The Truth Behind Pinterest Group Boards: Are They Good for Bloggers?

You’ve probably been wondering about the mysterious (or overly saturated) group boards you’ve been coerced into joining or seen floating around the blogger community (guilty as charged). But the real question is, are they actually good for your Pinterest account?

The short answer is yes, you CAN join group boards and you CAN get a steady stream of traffic from them. However, the long answer is a little more complicated.

What is a Pinterest Group Board? 

@howtobeafreelancer & @travellerbytrade ‘s SSI Group Mastermind Pinterest Group Board

A Pinterest group board is a board with many members or ‘collaborators.’ Typically, the board has a general or niched topic that the collaborators pin their relevant content to. 

Group boards can have nearly unlimited members and don’t necessarily always niche down (more on that later), which can be their downfall. The key is finding a group board that is using Pinterest’s best strategies AND following Pinterest’s intention of group boards – not a board with 300+ members that you see all too often. 

The Pros and Cons of Pinterest Group Boards

Pinterest group boards can be an amazing source of traffic for bloggers. I mean – your content is floating around in a board filled to the brim with other bloggers in your niche (hopefully).

It can generate link clicks, be suggested to other Pinterest users who show interest in the other board collaborators and result in saves that can help your pin go viral.

The downside is that group boards can quickly become overrun and extremely saturated with irrelevant content. Bloggers who have nothing to do with the niche join and just start pinning, and admins will often ignore this type of rule-breaking since they’re just hoping for members.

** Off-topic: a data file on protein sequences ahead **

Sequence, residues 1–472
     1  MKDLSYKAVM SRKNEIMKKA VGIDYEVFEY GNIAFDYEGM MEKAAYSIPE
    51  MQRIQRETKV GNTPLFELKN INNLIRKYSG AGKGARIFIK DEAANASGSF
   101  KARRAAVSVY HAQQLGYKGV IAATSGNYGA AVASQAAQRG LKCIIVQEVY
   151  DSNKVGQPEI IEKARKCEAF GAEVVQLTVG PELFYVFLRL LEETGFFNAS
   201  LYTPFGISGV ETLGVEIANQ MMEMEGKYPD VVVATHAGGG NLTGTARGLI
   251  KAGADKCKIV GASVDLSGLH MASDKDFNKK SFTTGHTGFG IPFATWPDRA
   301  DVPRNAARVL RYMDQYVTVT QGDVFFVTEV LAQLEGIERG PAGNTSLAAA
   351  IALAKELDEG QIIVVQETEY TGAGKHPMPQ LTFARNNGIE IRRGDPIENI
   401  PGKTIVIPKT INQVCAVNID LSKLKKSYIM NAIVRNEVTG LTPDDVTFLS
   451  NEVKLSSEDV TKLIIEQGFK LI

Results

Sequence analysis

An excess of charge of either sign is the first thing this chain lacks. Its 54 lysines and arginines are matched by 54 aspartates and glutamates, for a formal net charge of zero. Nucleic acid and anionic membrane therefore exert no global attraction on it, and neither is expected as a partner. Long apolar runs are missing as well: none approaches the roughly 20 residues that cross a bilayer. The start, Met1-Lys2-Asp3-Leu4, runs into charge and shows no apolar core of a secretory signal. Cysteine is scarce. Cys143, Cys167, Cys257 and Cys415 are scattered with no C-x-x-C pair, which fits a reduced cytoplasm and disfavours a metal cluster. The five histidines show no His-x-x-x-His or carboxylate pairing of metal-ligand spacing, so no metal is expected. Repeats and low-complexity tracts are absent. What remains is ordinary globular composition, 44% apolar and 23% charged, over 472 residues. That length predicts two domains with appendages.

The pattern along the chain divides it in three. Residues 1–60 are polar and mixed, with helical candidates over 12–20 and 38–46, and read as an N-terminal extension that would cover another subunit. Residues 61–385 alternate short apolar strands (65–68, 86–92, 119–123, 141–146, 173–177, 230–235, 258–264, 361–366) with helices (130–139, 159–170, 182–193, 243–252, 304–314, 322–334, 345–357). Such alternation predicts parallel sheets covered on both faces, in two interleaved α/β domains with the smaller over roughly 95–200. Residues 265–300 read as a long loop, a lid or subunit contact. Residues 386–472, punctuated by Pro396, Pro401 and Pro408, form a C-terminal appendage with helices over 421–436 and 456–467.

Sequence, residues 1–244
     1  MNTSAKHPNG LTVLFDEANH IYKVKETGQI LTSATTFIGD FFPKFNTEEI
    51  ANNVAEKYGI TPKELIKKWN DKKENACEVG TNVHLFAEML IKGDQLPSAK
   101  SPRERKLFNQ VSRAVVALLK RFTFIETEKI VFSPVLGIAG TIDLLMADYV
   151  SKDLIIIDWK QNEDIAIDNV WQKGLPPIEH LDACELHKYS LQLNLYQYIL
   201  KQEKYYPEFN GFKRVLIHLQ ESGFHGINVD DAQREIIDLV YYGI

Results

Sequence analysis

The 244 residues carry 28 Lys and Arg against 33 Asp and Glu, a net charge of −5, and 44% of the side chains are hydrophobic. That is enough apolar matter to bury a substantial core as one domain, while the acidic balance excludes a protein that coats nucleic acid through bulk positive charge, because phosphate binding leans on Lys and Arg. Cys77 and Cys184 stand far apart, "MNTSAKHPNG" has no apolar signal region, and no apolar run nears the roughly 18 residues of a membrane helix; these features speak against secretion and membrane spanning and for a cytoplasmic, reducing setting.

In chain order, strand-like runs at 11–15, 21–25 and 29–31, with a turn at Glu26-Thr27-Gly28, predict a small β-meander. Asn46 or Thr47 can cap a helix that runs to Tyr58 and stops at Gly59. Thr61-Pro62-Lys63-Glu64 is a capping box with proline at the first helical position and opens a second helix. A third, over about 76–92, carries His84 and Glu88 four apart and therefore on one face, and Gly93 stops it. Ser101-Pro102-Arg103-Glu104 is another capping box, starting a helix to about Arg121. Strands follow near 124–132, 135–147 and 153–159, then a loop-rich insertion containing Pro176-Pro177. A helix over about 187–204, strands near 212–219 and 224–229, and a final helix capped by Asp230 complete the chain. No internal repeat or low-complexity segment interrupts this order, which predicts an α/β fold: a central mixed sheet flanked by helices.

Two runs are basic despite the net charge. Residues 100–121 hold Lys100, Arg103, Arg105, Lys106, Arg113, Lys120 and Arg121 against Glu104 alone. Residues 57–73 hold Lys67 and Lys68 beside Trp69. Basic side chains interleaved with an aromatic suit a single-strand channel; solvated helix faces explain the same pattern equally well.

When Should You Join Group Boards?

I recommend only joining a Pinterest group board after you’ve nailed down your own boards. You should already have at least 10 boards set-up and pinned to as well as an optimized profile.

Publishing a pin without the proper SEO support will just lead to your pin crashing and burning – the opposite of what you want it to do. 

An exception would be group boards that are also communities because they are typically more interactive and will boost your pin because the community cares. Still, the community should be relevant to your niche and blog as you don’t want to mess up your profile’s SEO.

What Group Boards Should I Join?

I’ve already covered the basics, but here’s a quick list of things to look for (and to avoid) when joining a Pinterest group board:

  1. Look for boards with less than 20 members, and avoid any with 99+.
  2. Check the description. What do they require? Are they SEO-friendly?
  3. Make sure they have a niche-friendly board title.
  4. Double-check for relevant content; don’t join if the board just has random pins. 
  5. Check the accounts in the group board. Are their sites claimed? Are they active?

If the group board doesn’t meet the criteria listed above, or it just seems sketchy (some things just do ya know) – don’t join it! 

What do I do Now?

@commamamaco’s Pinterest Group Board collection

First, take a step back and evaluate your Pinterest account. If you’ve already joined a bunch of group boards, check to see how much traffic you’re ACTUALLY getting from pinning your content.

Don’t have any group boards? That’s fine! You don’t NEED them; they’re just a fun little bonus! If you would like to join a group board (and feel confident in your SEO skills), simply create your own!

Keep it small and only invite five to seven bloggers in your niche that you know personally. Let them know your pinning rules and have fun!

Looking for more Pinterest tips? Keep an eye out for my new Cold Brew Challenge and learn the potential of Pinterest marketing for bloggers!
P.S. Don’t forget to give me a follow! @commamamaco

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